PJ’s Nursery

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About PJ’s Nursery

Name PJ’s Nursery
Ofsted Inspections
Address 96 Gosforth Road, SEASCALE, Cumbria, CA20 1ND
Phase Childcare on Non-Domestic Premises, Full day care
Gender Mixed
Local Authority Cumbria
Highlights from Latest Inspection

What is it like to attend this early years setting?

The provision is good

Children are happy, busy, and clearly enjoy their time at the lively nursery. They show that they feel safe, as they go to staff for reassurance and cuddles throughout the day.

Children show positive attitudes towards their play and learning. They are focused and engaged in the interesting activities that they join and choose throughout their day. Children paint 'melted snowmen' with their hands, using white paint on black paper.

They know that a snowman will melt in warm sunshine.Children's speech and language skills are promoted as a focus in the nursery. Children enjoy stories and staff sing joyfully throughout the ...day.

Children learn and practise new vocabulary as they listen carefully to staff's modelling of speech. Older children recognise the letters in their names and are developing early reading skills with support from skilled staff. Children are confident communicators.

Children develop a sense of responsibility. For example, older children help their younger friends put on their coats and hats to play outside. Children behave well and work hard to achieve the high expectations of staff.

Children are confident and respectful. They chat politely to visitors to their nursery. Staff are good role models and remind them to use good manners if they forget.

What does the early years setting do well and what does it need to do better?

Leaders are committed to offering high-quality learning experiences for every child. They evaluate the provision regularly and take account of staff's, parent's, and children's views. Staff feel well supported by their colleagues and leaders.

Consequently, they work hard to progress in their roles, which continually raises the standards of teaching and learning.Staff training is focused to benefit children and informed by monitoring staff's practice and staff supervisions. Staff have completed training on supporting children's mental health, as they have noticed children and families struggling with this after the COVID-19 pandemic.

Staff's additional knowledge since this training helps support children's emotional well-being.Staff plan a broad curriculum taking account of children's interests. Effective systems for monitoring and assessment give staff an insightful knowledge of what children already know and can do.

Children are, therefore, offered appropriate levels of challenge. Gaps in children's knowledge and development are identified and quickly narrowed with targeted support. Children make good progress in all areas of learning.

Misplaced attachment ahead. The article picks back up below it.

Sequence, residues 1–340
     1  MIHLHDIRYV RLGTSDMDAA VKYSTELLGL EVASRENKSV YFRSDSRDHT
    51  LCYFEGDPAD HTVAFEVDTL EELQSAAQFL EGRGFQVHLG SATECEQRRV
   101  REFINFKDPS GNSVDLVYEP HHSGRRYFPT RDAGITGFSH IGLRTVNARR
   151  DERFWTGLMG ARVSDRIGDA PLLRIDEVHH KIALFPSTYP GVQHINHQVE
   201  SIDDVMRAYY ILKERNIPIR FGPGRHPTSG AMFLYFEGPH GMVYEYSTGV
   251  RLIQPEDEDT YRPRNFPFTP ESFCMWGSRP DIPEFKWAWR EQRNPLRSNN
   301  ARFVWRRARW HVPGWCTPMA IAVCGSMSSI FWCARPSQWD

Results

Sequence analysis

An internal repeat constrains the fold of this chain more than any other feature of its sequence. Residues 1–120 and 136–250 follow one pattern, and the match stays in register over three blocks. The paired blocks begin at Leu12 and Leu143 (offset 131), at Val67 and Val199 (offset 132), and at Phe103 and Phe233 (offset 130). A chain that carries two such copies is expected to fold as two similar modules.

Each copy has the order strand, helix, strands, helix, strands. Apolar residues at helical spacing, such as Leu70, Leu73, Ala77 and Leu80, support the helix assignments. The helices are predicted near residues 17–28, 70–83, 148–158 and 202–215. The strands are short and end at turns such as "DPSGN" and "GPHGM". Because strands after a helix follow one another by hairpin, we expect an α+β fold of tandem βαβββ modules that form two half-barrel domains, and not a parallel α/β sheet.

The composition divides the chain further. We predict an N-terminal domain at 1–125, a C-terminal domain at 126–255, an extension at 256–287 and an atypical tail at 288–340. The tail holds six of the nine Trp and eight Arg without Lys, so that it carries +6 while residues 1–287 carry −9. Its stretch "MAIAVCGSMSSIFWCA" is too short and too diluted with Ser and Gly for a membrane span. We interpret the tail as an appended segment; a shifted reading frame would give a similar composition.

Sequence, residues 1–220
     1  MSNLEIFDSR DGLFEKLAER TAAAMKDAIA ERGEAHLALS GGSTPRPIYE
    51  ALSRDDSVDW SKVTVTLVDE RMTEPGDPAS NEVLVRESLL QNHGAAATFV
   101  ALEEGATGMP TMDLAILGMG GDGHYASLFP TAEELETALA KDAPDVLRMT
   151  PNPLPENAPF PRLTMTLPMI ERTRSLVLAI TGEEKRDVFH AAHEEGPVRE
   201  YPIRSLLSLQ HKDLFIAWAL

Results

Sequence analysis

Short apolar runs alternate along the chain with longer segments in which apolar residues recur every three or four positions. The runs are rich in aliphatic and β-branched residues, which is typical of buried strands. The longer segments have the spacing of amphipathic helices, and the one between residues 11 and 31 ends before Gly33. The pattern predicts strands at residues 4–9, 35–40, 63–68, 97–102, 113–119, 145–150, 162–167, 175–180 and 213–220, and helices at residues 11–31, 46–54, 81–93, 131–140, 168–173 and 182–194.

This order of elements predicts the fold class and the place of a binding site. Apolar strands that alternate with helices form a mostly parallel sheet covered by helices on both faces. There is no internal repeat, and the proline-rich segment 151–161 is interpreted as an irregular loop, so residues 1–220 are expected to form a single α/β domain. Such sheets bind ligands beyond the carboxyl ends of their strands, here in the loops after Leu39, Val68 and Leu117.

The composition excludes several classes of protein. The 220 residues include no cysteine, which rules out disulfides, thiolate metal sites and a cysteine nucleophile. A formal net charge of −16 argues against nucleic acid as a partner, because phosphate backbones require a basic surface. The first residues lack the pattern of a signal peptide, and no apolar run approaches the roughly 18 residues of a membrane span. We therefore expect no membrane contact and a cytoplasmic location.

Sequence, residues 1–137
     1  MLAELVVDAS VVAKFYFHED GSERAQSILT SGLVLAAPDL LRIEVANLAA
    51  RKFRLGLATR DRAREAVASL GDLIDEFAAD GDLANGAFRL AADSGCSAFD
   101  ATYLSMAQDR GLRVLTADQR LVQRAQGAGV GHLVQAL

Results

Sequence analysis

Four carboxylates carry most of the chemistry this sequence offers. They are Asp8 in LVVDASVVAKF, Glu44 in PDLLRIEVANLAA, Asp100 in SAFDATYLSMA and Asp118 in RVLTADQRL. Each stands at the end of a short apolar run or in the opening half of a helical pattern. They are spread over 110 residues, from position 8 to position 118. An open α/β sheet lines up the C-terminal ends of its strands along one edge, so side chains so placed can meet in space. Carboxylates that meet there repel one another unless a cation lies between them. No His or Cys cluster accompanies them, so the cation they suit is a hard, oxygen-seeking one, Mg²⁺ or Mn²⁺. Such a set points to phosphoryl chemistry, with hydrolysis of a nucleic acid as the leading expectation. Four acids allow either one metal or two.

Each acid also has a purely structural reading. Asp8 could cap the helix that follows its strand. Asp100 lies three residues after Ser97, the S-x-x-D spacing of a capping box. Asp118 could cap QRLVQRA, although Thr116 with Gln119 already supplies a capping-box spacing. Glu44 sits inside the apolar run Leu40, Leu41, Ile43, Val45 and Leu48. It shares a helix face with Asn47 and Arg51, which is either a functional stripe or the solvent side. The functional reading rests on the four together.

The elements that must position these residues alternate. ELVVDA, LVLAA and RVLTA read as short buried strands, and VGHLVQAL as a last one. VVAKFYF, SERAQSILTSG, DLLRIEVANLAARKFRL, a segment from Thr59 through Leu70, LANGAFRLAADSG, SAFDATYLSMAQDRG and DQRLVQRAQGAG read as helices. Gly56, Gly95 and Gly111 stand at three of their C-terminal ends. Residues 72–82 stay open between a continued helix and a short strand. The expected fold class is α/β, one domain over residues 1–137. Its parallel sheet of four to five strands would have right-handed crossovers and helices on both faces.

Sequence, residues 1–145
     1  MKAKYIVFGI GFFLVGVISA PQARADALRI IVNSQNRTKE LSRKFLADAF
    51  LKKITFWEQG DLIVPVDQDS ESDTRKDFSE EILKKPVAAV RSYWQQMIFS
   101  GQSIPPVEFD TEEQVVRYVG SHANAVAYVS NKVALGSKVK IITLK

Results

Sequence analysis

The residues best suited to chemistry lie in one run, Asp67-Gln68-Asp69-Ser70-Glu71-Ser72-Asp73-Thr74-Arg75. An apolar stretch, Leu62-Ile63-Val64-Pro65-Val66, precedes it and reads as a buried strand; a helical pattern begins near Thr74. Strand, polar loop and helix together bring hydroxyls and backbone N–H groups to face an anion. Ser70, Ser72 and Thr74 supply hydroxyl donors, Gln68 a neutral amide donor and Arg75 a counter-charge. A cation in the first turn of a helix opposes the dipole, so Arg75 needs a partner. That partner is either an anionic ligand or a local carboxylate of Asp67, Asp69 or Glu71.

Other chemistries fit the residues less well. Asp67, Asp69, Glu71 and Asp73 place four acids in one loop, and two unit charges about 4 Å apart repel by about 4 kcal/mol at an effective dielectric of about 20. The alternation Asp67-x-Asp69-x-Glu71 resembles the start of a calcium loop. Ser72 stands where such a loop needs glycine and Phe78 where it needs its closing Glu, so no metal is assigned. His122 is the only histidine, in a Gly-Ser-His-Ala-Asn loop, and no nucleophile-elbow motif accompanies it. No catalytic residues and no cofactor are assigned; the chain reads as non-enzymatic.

Children with special educational needs and/or disabilities (SEND) are well supported. Their learning is measured in smaller steps to enable accurate monitoring of progress. Leaders liaise with other professionals to access appropriate support for children's specific needs.

Additional funding is spent appropriately. For example, extra staff are employed for one-to-one support for some children. Consequently, children with SEND make progress from their individual starting points.

Children are physically active from an early age. Babies are encouraged to use their core muscles to sit, stand and bend as they join in with familiar songs and actions. Older children hone their coordination skills as they balance and jump on 'stepping-stones'.

Children's physical development and overall well-being is well supported.While children develop some independence skills, there is scope to improve this even further, particularly for older children as they approach their move on to school. For example, at mealtimes, older children use the same plastic bowls and cups as their younger peers and are not encouraged to pour their own drinks or cut up or serve their own food.

However, children are supported well to learn to manage their own self-care needs and to develop good hygiene habits.Staff support children to understand difference and similarity. Children learn about people with disabilities and with different types of families.

Children learn about a staff member's Scottish heritage as they hear bagpipes being played and take part in 'haggis-hurling'. Outings into the local village help children learn about their community. Children begin to learn about life in modern Britain.

Partnerships with parents and carers are sound. Staff communicate plenty of information about children's learning. The focus story and song each month helps parents to extend children's learning at home.

Parents and carers comment positively on the communication and support offered by staff and leaders.


The arrangements for safeguarding are effective.Leaders and staff have a sound understanding of safeguarding policy and practice and understand the signs and symptoms of abuse.

They know the procedures that they must follow if they have a concern about a child. Staff gently introduce children to internet safety, and they begin to learn how to keep themselves safe online. Staff include children in completing regular risk assessments of the environment.

For example, staff and children check together if the decked outdoor areas are slippery in cold weather and decide that they are not safe for use that day. This helps children learn to assess risk for themselves.

What does the setting need to do to improve?

To further improve the quality of the early years provision, the provider should: promote older children's independence skills even further, particularly around routines of the day, to prepare them even more thoroughly for their move on to school.